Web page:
December 15, 2009
Earlier this year, I landed at the Detroit airport en route to a conference. I got into my rental car, headed to the I-94 on-ramp, and then I saw it. There, next to the highway, was a big billboard advertising, of all things, a metal fabricator: "W Industries: Aerospace, Defense, Energy, Industrial."
Notice anything missing?
At the time, W Industries was making headlines. Local organizations were recognizing the company as one who successfully diversified outside automotive. And that was definitely something to flaunt in this economy.
But today, as the economy and credit markets get back on their feet, a wrinkle has been thrown into the diversity equation: the depreciation of assets. As Chris Kuehl, economist for the Fabricators & Manufacturers Association, Intl., wryly said during a keynote panel at this year's FABTECH Intl. & AWS Welding Show, "Now [the banks] are saying, 'Gosh, we expect you to pay the money back, and we're interested in collateral.'"
Collateral isn't easy to come by in the face of severe asset depreciation. Consider Wolverine Inc., a metal stamper in St. Joseph, Mich. Like so many metal manufacturers rooted in Michigan, the manufacturer needed to diversify outside automotive. To diversify, the company had to buy equipment. As reported by BusinessWeek, the company lined up a $2.5 million loan from GE Capital in September 2008. You can guess what happened next. The day after Lehman Brothers collapsed, GE Capital backed out of the deal.
Over the following year Wolverine tried to get financing. But during this time, in an automotive manufacturing climate of unforeseen overcapacity, the value of its machinery depreciated 20 percent. Sure, the company had more than $10 million in new business from Whirlpool and others. But no matter; it wasn't enough to overcome that massive drop in the value of equipment on the floor.
Enter the Michigan Supplier Diversification Fund, sponsored by the Michigan Economic Development Corp. Wolverine is finally getting its $2.5 million loan, with the fund's help. The fund is supplying $1 million in collateral support. In return, Wolverine pledges to create jobs. As the article reported, "Wolverine has brought back almost half of the 30 workers laid off this year and plans to rehire the rest by the summer."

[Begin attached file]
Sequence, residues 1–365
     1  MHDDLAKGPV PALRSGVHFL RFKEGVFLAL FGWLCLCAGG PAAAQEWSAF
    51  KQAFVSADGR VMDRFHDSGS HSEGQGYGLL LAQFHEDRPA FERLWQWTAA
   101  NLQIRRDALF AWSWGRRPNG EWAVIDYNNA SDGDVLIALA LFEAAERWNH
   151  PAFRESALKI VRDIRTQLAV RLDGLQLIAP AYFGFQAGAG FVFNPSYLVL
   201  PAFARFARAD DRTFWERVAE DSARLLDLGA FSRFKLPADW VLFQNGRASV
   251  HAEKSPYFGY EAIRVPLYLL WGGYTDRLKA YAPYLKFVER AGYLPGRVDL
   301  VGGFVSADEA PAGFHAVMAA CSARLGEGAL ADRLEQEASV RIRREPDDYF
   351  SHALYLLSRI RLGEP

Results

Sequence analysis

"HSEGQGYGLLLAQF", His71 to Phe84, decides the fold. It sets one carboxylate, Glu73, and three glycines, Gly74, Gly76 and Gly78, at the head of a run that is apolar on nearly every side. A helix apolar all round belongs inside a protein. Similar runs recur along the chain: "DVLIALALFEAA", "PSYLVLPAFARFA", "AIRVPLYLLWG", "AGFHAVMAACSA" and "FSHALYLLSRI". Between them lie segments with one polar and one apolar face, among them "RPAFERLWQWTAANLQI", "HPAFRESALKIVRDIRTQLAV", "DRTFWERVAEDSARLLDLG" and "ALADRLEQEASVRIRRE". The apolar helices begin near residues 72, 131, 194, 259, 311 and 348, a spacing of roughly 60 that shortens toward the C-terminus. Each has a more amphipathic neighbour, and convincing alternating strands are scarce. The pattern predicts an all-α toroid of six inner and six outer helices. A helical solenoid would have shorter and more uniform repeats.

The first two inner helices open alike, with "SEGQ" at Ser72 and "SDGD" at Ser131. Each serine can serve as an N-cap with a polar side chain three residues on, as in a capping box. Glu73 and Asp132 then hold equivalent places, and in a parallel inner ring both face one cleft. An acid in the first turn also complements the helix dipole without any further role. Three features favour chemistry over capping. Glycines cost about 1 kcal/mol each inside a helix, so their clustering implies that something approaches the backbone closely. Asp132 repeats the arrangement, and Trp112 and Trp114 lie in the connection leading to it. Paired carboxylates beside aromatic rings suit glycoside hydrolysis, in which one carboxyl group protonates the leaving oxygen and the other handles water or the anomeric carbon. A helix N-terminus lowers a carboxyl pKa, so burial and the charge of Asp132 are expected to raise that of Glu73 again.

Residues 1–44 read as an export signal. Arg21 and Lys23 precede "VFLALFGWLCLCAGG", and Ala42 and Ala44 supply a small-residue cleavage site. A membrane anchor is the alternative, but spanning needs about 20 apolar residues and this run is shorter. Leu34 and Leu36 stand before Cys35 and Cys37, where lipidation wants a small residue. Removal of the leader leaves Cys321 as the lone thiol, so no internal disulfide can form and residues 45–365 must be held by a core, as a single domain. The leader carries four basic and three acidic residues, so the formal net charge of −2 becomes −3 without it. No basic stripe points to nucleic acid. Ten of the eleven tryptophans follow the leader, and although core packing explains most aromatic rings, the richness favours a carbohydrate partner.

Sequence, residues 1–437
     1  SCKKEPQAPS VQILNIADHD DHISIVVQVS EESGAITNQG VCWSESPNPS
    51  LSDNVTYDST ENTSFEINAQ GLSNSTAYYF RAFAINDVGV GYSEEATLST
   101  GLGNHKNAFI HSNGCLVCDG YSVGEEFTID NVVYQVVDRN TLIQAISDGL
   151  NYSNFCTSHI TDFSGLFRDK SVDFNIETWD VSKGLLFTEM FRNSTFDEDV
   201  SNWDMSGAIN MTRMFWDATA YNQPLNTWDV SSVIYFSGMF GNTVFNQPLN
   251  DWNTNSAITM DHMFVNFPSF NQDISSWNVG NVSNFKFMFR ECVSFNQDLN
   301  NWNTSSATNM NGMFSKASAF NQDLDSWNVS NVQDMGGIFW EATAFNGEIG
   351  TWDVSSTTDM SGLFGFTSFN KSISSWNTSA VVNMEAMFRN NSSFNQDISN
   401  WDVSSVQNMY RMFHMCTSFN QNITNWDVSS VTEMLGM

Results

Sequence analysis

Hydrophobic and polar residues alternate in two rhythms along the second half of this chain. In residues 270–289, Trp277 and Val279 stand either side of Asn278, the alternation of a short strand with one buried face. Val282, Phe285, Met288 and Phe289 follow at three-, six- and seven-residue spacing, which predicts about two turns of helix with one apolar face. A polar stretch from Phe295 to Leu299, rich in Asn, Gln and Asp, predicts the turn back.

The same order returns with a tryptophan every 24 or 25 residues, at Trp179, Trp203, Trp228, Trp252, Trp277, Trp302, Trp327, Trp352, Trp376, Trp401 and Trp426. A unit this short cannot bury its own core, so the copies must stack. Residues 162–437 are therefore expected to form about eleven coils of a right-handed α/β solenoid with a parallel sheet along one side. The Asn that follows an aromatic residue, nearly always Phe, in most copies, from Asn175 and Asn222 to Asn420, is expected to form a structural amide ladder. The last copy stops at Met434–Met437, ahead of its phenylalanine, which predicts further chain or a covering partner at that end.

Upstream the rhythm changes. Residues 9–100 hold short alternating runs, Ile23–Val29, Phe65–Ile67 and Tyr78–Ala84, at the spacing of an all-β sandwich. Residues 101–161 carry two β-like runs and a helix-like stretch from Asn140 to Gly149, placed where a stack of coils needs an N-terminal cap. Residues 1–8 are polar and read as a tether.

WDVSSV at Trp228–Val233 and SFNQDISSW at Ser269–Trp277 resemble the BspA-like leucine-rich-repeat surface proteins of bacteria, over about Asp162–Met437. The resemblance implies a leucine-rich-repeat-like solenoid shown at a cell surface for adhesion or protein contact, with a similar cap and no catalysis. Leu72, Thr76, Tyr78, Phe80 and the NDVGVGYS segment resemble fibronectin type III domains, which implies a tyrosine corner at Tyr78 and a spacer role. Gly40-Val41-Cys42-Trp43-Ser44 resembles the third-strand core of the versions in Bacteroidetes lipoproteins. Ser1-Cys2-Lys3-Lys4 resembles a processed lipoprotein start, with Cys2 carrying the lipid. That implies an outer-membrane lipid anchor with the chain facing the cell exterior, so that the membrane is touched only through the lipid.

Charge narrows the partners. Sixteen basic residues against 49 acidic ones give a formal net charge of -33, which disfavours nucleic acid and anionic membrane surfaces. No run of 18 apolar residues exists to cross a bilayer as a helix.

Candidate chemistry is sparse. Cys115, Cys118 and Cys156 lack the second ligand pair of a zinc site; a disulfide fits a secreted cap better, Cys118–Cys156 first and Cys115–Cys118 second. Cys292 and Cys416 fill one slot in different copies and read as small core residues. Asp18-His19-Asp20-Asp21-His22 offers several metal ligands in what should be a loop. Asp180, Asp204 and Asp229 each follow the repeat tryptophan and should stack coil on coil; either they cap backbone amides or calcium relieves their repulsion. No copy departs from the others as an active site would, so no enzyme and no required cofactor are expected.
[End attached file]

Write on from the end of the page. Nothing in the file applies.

This overcomes a persistent problem for the metal forming and fabrication industry. As BusinessWeek reporter John Tozzi wrote in his blog, "One reason the credit crisis persists for small businesses is that even as banks have tightened their lending standards, fewer small businesses are considered creditworthy."
In other words, banks are happy to lend money to those who don't need it. Michigan's fund overcomes this paradox and spreads money to companies that could put a small dent in the unemployment rate.
That's all well and good, but talking with business owners in this industry, many still don't have any desire to start hiring again. Too much uncertainty lies on the horizon, particularly with the government continuing to stick its hand into the free market. What will happen to health care? How will cap and trade affect business, particularly for fabricators serving the energy sectors?
What's real, from a business-owner's perspective, is a healthy balance sheet. And as I wrote in this blog, a healthy balance sheet is one with a short cash-flow cycle. Ideally, hiring people and investing in equipment ultimately should shorten the cash-flow cycle and give a boost to the balance sheet's health. If funds like the one in Michigan help a business do this, then I'm all for them.
As Dick Kallage, a principal at KDC & Associates Ltd., Barrington, Ill, said at FABTECH, "You don't make payroll with receivables and inventory. You make them with cash."
And I think we'd all agree that a job isn't worth much without a paycheck.